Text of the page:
(Reuters) – U.S. stocks closed mostly lower on Wednesday, with the S&P 500 falling from a record high after data signaled a slowdown in jobs growth in July, and General Motors tracked its worst day since early March.
GM’s shares slumped 8.9%, underscoring the uncertainty facing global automakers at a time of technological and economic disruption. Shares of rival Ford Motor Co fell 5.0%.
Nine of the 11 S&P indexes were lower, with industrials and energy both slipping, as data showed U.S. private payrolls increased far less than expected in July, likely constrained by shortages of workers and raw materials.
The blue-chip Dow, heavily weighted toward economically-sensitive stocks, also declined.
The technology-heavy Nasdaq bucked the trend after another report showed a measure of U.S. services industry activity jumped to a record high last month, suggesting a broader economic rebound was still on track.
“The ADP employment report this morning (is a) big miss … has people really locked in on tomorrow’s initial claims and then Friday’s non-farm payrolls report,” said Ross Mayfield, investment strategist at Baird in Louisville, Kentucky. “To me that’s a big driver (of the market today).”
“Broadly, the continued evolution of COVID-19, the Delta variant over the recent weeks and months kind of re-rating of the growth outlook” has the market coming to terms with what it means for the reflation trade, and what it means to the bond market, Mayfield said.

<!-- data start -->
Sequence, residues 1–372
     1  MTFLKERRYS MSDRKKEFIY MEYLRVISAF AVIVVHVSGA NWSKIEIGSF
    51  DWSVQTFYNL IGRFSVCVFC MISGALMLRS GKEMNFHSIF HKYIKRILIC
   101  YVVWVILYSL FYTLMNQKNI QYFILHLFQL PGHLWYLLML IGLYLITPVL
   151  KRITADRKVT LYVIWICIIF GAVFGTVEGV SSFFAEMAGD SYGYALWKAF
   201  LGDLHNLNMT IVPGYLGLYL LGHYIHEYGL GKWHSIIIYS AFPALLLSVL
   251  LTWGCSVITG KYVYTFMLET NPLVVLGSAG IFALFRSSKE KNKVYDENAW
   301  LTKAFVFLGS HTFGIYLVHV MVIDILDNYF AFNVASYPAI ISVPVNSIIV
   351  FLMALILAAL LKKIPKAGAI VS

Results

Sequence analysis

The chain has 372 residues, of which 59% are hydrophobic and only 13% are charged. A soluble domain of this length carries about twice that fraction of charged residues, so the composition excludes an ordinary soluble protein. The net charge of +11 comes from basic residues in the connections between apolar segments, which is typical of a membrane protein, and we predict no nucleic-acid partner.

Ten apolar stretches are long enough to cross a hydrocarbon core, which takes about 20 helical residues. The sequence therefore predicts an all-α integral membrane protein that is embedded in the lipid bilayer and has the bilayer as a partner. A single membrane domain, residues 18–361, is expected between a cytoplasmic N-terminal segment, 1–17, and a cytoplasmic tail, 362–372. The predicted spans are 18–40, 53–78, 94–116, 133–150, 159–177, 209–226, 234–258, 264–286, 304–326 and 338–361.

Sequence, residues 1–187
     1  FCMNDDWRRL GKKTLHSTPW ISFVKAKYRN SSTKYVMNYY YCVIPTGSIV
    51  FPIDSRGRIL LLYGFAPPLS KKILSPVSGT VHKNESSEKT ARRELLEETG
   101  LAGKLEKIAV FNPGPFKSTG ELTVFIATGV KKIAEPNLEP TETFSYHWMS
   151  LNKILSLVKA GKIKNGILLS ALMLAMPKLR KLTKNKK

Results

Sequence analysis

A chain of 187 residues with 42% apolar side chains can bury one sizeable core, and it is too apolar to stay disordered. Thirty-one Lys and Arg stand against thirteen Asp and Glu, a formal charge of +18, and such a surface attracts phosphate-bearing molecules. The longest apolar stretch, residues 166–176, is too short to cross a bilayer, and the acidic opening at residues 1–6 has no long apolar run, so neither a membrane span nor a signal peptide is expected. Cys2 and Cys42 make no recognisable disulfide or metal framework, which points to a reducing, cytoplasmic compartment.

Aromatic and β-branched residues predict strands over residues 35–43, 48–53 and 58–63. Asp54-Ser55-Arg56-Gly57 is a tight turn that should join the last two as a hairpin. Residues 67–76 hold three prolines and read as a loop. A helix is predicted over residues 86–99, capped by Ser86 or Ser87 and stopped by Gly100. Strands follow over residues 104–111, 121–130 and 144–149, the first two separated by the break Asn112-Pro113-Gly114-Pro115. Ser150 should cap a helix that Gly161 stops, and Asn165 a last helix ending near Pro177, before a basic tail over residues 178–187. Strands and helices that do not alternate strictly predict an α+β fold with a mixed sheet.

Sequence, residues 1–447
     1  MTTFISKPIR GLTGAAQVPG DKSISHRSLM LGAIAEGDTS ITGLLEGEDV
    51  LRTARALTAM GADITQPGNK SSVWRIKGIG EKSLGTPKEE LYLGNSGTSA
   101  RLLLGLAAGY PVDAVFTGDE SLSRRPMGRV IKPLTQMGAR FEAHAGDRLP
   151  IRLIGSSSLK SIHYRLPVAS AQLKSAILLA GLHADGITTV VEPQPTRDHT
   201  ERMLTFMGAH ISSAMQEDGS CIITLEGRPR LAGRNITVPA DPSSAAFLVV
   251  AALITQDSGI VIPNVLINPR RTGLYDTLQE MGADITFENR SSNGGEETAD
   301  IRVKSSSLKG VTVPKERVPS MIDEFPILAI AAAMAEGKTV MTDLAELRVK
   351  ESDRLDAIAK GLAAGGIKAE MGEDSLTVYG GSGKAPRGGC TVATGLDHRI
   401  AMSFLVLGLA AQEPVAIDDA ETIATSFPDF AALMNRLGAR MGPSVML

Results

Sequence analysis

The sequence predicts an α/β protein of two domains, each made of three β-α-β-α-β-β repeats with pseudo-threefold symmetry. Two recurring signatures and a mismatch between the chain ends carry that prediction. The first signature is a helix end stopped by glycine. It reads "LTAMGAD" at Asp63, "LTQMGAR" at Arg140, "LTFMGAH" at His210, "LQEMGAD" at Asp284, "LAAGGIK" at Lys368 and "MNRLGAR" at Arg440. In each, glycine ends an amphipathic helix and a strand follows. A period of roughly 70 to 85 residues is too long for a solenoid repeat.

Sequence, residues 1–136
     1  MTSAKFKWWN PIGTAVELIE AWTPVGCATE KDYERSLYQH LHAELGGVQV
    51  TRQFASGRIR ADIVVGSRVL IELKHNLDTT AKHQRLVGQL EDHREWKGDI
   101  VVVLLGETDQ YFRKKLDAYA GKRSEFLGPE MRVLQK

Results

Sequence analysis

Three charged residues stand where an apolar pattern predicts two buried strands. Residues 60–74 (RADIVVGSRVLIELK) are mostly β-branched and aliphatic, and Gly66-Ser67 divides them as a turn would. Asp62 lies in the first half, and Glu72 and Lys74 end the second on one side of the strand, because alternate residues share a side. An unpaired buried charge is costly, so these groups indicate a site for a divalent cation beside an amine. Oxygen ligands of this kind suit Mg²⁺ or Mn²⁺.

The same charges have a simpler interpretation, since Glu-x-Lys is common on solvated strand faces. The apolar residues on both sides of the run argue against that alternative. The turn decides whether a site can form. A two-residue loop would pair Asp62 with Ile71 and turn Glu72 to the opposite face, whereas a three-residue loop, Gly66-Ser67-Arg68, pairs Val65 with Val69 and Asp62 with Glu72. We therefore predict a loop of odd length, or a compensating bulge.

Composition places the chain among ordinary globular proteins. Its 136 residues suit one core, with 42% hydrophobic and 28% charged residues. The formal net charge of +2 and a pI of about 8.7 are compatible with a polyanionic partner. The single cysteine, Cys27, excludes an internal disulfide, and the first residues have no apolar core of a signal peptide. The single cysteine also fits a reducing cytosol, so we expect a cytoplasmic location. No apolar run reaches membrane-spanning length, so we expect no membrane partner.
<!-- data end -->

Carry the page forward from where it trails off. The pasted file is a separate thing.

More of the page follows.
After six straight month of gains, the benchmark S&P 500 has struggled to rise in August over concerns about the pace of growth as the economy rebounded from the depths of the COVID-19-driven recession, and fears of higher inflation overshadowed a stellar corporate earnings season.
Federal Reserve Vice Chair Richard Clarida said on Wednesday the central bank should be in the position to begin raising interest rates in 2023.
Still, tech and tech-adjacent stocks such as Netflix Inc and Facebook Inc, which tend to perform better when interest rates are lower, outperformed the broader market.
Focus now turns to the Labor Department’s monthly jobs report on Friday.
The Dow Jones Industrial Average fell 323.73 points, or 0.92%, to 34,792.67, the S&P 500 lost 20.49 points, or 0.46%, to 4,402.66 and the Nasdaq Composite added 19.24 points, or 0.13%, to 14,780.53.
In earnings-related moves, BorgWarner Inc fell even as it beat profit expectations on strong consumer demand for new vehicles, while Kraft Heinz Co tumbled after warning of margin pressure from higher prices of ingredients.
Robinhood Markets Inc jumped 50.4% as interest from star fund manager Cathie Wood and small-time traders set up the stock for a fourth session of gains after its underwhelming market debut last week.
Volume on U.S. exchanges was 9.78 billion shares, compared with the 9.71 billion average for the full session over the last 20 trading days.
Declining issues outnumbered advancing ones on the NYSE by a 2.02-to-1 ratio; on Nasdaq, a 1.82-to-1 ratio favored decliners.
The S&P 500 posted 67 new 52-week highs and 3 new lows; the Nasdaq Composite recorded 93 new highs and 107 new lows.
(Reporting by Echo Wang; Additional reporting by Sagarika Jaisinghani, Sruthi Shankar and Shashank Nayar in Bengaluru; Editing by Arun Koyyur, Aditya Soni and Diane Craft)